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In-house distribution for iOS apps

What are the different in-house app distribution methods for iOS?

Enterprise apps are custom-developed applications used within an organization. Unlike a store app, an enterprise app serves a business functionality and is meant for internal use by the employees in an organization. Thus, it necessitates the private distribution of apps to the intended users, which is possible via secure internal systems or a Unified Endpoint Management (UEM) solution.

The Apple Developer Enterprise Program lets you develop, test and deploy proprietary applications within your company. There are several ways of distributing an enterprise app on iOS devices. Depending on the use cases, you may choose either of the following distribution methods.

  • App Store: This is the most commonly used app distribution method, primarily used when you are distributing the app to the general public.
  • Ad hoc: This distribution option, available through the Apple Developer Program or Apple Developer Enterprise Program, lets you distribute the app directly to the devices registered in the developer account.
  • Enterprise: Enterprise distribution helps with the internal distribution of apps directly to the employees in the organization.
  • Development: This method is accepted if you want to distribute the app just to your Apple Developer Program team. It enables easy distribution of the app to testers with registered devices.

The distribution method selected for app deployment usually depends on the users who work with them and how the apps are scoped during the process. For instance, app distribution can be limited internally to the employees within a business entity. Or, instead, the organizations may choose to provide the apps to the general public.

What is the difference between in-house versus ad hoc distribution?

The ad hoc distribution method allows you to distribute apps to a limited number of devices registered with the developer website. It is the most suitable method for testing the applications developed. When the app is ready to be distributed to the testers in your development environment, you create an ad hoc provisioning profile that specifies the App ID, a set of devices (identified by their unique device ID) and a distribution certificate. The device IDs specified in the ad hoc provisioning profile also get added to the developer account. As you export an app using an ad hoc provisioning profile, the provisioning profile is also included in the app bundle. The distribution certificate will be used to sign the app’s IPA file. The app launches on the device only if the following conditions are met:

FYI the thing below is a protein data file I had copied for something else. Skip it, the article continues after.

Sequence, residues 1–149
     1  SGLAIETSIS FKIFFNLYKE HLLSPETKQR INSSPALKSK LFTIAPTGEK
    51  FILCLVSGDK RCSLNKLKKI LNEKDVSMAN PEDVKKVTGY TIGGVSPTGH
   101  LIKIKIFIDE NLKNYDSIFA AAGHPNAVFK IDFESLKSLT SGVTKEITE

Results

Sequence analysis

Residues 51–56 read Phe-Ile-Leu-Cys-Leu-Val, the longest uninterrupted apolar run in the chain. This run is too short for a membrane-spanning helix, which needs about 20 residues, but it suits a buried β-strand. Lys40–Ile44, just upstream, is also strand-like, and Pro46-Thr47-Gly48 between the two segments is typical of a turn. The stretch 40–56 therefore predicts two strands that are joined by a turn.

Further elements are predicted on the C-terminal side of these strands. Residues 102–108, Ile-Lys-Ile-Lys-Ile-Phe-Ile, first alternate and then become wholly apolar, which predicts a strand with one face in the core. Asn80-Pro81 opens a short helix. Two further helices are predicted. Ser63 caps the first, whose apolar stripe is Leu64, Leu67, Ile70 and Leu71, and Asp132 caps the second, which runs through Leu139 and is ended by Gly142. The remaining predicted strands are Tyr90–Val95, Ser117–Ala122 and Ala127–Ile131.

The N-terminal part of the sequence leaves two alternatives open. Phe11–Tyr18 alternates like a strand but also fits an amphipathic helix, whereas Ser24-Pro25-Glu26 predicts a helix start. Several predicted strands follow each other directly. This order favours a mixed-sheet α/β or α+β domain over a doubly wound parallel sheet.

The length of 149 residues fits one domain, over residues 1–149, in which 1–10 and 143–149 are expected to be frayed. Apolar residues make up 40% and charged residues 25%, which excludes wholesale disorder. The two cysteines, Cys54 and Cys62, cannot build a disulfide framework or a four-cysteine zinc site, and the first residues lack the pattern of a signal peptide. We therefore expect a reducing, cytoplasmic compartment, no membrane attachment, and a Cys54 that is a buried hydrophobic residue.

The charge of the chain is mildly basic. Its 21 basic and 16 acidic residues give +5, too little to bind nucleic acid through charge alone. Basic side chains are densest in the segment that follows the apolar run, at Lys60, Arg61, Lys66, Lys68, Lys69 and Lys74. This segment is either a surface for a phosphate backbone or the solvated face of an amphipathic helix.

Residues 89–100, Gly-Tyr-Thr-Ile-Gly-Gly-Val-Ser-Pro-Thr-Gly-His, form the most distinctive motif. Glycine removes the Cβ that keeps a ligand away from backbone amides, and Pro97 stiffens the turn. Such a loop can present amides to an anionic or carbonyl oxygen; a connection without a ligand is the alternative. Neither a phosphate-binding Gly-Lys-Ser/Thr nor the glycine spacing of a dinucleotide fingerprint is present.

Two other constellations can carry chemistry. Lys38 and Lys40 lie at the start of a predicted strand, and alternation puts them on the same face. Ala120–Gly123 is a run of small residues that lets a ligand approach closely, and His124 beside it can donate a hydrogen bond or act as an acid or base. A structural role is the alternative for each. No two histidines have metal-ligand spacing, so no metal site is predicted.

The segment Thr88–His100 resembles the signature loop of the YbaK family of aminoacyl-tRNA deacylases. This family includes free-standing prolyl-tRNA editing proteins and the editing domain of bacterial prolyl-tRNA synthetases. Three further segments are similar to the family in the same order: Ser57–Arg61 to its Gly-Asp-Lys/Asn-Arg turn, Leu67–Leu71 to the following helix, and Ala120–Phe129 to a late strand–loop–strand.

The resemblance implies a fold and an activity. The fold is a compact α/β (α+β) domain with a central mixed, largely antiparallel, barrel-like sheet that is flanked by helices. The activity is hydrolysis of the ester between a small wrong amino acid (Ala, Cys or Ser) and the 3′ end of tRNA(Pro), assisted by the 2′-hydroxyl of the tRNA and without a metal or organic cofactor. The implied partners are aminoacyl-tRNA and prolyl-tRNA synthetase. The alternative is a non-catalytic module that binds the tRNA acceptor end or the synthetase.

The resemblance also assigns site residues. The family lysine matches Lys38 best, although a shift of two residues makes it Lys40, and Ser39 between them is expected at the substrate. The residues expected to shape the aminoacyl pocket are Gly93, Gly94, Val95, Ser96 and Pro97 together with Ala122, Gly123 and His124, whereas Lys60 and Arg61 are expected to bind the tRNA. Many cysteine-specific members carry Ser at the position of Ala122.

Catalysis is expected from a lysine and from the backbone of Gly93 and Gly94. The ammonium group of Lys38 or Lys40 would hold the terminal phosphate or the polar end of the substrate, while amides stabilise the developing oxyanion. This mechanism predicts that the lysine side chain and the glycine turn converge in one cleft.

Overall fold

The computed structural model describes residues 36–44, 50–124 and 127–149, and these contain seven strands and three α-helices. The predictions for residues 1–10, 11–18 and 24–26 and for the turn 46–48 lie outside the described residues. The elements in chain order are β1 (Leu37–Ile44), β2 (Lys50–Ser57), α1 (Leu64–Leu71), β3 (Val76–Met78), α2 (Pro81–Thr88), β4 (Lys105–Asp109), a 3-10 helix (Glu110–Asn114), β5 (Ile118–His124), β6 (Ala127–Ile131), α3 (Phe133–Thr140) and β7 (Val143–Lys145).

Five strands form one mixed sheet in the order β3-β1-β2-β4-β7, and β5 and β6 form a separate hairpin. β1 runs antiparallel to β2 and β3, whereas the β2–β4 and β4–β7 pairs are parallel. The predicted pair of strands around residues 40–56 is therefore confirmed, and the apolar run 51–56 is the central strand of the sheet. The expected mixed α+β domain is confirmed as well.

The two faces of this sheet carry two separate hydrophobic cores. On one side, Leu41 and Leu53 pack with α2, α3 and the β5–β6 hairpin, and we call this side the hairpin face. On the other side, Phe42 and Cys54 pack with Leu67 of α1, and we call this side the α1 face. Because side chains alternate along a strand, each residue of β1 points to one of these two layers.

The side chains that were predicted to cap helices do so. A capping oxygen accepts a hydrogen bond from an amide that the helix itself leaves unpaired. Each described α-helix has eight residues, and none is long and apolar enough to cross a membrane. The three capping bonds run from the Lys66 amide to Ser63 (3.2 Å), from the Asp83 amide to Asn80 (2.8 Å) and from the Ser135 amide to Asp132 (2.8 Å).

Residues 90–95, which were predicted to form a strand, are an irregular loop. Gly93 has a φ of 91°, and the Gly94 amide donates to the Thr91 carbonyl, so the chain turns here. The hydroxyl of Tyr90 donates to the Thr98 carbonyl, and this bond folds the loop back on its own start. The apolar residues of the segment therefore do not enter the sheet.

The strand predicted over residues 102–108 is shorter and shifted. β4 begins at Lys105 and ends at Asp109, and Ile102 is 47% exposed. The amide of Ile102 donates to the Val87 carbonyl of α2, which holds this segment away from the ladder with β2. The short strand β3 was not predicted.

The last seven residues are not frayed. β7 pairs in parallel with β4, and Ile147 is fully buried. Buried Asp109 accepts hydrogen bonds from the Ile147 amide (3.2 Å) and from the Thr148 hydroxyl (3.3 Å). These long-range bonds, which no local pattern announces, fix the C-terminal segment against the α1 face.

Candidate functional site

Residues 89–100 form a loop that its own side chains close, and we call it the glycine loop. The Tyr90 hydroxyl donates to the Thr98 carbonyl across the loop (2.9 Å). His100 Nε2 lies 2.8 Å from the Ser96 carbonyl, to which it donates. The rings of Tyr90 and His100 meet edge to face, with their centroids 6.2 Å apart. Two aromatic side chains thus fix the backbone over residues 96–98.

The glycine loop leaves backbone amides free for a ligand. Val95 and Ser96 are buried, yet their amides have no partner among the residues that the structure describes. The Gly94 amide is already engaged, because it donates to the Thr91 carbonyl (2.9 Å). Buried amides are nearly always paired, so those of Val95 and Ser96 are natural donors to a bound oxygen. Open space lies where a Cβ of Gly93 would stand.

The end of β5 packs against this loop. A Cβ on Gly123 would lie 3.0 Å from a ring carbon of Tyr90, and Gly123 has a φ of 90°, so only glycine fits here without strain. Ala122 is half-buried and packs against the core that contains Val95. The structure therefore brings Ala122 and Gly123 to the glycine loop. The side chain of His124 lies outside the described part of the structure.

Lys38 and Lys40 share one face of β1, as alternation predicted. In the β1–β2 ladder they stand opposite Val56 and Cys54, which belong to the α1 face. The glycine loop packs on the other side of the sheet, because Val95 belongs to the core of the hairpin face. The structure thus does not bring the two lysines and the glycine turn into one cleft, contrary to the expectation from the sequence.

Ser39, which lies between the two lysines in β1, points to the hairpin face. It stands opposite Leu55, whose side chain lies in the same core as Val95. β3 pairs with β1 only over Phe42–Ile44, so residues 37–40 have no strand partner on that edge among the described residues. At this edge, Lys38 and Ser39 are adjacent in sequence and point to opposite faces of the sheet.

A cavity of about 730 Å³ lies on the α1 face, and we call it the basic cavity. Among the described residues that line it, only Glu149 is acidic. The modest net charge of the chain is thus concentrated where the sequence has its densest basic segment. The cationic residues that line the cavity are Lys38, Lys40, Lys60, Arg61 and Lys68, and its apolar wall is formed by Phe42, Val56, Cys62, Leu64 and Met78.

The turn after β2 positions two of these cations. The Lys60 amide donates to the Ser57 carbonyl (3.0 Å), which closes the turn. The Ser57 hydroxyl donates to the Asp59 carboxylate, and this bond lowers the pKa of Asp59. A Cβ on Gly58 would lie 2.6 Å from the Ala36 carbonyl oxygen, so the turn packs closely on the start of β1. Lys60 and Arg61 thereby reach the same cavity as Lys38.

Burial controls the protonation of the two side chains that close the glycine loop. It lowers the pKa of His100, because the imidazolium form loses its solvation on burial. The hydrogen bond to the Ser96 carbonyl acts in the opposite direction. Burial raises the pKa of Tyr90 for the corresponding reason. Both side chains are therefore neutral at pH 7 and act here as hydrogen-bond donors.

• The bundle ID of the app matches the App ID.
  • The app’s signature equals the distribution certificate.
  • The device ID is included in the provisioning profile.

It enables the distribution of apps through the Apple Developer Program or Apple Developer Enterprise Program. And this option is also ideal for distributing internal apps to a limited number of devices. (Note that the apps can be distributed to only those devices registered with the program, but the maximum number is limited to 100 devices per membership year). Also, apps not deployed on the App Store and distribution with no more than 100 employees benefit from this method. Ad hoc distribution is possible through iTunes or a web server.

Whereas, Enterprise Distribution facilitates the easy distribution of apps to the employees within your organization. Here, the apps are signed using Development provisioning profiles. The Development provisioning profile consists of the app ID, the devices associated with the team, and the development certificates. This profile permits the app to be launched on the device and specific app services during development.

It is the optimal distribution method if the organization has the Apple Developer Enterprise Program membership and the app is ready to be distributed to the users in an enterprise. And the significant advantage of this distribution method is that you can deploy the apps without App Review approval. An organization does not have to submit the app to Apple for review. Also, the proprietary apps distributed internally using the Apple Developer Enterprise Program do not limit the number of devices where the app is distributed. The Enterprise distribution of in-house apps can be performed via iTunes (locally), UEM, web server or emails.

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